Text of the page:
Each author approached her craft, and career, quite differently. Minot, who writes novels, plays, and short stories, is also a screenwriter and a painter. For the first 15 years, she said, she published very deliberately, sending out a book every three years or so, until becoming a mother shifted her approach. Creating art—collages and watercolors—has allowed her a more playful expression. “For writing, and for art, I think, in school you can learn a lot about it, but you’re going to figure out, if you’re going to be an artist, in your way,” Minot said. “I find the more I’m exposed to other art, the more I’m focusing on finding what kind of art I want to make.” That sort of cross-pollination between art forms she traced back to her time at Concord Academy and all of those notes, doodles, and journaling.

Unlike Minot, Glass and Ozeki did not pursue advanced degrees in writing in graduate school. As novelists, they both describe themselves as “pantsers” rather than “plotters”—meaning, Glass said, to a chortle from the audience, that they proceed by the seat of their pants. Both of them, too, have engaged in other art forms.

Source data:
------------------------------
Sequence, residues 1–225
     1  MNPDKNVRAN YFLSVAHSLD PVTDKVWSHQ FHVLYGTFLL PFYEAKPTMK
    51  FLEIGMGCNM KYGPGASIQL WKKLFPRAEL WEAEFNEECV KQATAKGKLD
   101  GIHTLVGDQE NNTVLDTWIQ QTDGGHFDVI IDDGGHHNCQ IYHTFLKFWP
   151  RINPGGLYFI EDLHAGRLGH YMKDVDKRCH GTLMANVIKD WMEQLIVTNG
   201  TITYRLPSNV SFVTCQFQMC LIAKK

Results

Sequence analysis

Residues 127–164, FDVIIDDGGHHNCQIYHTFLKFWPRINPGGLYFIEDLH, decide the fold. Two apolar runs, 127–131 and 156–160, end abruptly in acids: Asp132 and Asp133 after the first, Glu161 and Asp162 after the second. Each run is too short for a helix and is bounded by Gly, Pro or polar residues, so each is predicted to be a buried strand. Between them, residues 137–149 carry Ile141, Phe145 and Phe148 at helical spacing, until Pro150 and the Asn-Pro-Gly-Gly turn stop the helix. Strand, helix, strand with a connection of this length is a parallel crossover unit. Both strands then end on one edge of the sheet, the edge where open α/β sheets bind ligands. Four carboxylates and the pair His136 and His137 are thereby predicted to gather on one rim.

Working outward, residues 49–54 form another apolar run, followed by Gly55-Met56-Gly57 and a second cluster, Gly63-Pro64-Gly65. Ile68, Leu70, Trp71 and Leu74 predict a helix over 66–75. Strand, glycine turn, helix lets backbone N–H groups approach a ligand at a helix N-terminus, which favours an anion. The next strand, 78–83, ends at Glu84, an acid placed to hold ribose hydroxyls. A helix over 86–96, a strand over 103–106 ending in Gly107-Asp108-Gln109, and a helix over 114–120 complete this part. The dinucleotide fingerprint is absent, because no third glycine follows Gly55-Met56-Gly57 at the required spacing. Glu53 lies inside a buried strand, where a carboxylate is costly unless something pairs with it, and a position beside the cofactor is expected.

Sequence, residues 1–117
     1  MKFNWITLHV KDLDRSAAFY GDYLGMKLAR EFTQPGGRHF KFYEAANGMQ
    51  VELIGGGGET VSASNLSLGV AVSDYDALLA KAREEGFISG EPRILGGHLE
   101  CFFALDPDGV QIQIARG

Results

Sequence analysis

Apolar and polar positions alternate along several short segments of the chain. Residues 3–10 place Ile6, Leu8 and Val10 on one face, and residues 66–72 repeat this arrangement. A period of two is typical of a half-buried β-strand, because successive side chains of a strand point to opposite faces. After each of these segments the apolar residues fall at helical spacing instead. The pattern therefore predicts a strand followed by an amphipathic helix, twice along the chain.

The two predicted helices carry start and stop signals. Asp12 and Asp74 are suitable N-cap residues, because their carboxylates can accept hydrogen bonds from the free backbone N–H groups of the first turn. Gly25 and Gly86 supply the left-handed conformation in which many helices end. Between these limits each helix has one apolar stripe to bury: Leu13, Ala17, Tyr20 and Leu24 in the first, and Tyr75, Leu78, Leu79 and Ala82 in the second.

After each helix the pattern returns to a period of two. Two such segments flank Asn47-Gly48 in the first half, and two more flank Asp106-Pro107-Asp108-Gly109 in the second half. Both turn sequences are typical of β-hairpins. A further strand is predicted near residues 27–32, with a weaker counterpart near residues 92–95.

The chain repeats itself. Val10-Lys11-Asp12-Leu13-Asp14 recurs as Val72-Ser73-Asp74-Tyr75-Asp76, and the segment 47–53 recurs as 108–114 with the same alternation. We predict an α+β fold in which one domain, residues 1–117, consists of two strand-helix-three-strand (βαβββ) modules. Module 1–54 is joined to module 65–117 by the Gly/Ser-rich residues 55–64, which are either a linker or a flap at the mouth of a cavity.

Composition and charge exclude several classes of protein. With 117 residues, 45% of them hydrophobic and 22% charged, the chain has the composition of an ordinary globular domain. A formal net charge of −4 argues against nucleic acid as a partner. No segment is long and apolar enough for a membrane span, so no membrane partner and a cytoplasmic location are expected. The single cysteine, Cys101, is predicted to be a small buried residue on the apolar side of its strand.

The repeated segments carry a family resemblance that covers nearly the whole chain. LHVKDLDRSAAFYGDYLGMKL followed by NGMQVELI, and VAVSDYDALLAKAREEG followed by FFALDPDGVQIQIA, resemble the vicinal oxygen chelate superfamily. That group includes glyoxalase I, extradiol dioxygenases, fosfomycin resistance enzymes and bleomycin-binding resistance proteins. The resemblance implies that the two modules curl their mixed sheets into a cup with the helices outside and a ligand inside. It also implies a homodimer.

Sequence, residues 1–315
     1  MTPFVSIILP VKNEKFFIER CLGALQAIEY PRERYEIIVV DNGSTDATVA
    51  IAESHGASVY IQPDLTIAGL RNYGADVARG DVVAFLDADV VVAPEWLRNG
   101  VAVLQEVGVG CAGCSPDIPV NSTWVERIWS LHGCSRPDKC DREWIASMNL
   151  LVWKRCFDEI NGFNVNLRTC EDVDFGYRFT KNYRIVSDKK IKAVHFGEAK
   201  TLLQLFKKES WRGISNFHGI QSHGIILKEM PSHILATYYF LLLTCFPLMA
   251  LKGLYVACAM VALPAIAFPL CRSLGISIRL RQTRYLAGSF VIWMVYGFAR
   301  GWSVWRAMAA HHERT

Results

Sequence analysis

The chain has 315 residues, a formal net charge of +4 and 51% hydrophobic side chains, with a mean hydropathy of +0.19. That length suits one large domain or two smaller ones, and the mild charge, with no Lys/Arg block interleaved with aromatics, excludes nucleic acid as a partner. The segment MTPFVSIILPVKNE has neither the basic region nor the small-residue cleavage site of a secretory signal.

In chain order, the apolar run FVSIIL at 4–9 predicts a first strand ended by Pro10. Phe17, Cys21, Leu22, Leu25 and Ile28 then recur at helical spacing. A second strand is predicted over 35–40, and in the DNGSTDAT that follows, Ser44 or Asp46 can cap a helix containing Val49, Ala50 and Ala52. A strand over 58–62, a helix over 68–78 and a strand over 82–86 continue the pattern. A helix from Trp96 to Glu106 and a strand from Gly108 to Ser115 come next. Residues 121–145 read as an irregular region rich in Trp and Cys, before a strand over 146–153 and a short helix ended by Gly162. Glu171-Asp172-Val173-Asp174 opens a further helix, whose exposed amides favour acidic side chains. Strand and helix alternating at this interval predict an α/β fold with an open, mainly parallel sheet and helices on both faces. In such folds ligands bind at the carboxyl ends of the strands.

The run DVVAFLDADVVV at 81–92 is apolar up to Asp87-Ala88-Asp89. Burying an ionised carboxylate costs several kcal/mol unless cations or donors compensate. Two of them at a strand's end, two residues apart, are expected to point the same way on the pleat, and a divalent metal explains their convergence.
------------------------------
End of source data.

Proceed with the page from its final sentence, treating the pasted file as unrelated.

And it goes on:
Glass, turned off by the approach to teaching literature when she was in college at Yale, stopped writing altogether for a stretch. Turning instead to painting, she supported herself for a time as a magazine editor. It was through her magazine contacts that she met her agent, eventually landing a deal for her debut novel, Three Junes, which went on to win the 2002 National Book Award for Fiction. She’s been, as she called herself, a “serial monogamist” with each of her novels since, dedicating herself fully to each as it has developed.

Ozeki worked initially as a television director and producer. Lacking a writing community, she started keeping a writing process journal to keep herself organized. It’s where she still tracks questions, deadlines, and research, where she investigates what’s working and what isn’t, and where she also gets to complain over the years it takes her to develop a book. “It’s like having a best friend who’s a writer but who never gets tired of me,” she said. Keeping her process journal also helped her make the difficult decision to cut fully half of her third novel, A Tale for the Time Being, before she finished it for publication. That book was shortlisted for the Booker Prize, and the character that was removed later formed the kernel of the The Book of Form and Emptiness, which won the 2022 U.K. Women’s Prize for Fiction.

At the CA Authors Night event, Glass and Ozeki read from their latest books; Minot chose instead to read some excerpts, both poignant and humorous, from her second book, Lust: And Other Stories, a series of vignettes loosely based on her time at Concord Academy. As the program wound to a close, the four alums headed over to the Smith Room for a book signing, continuing to talk into the evening with many who had come to enjoy their literary reunion.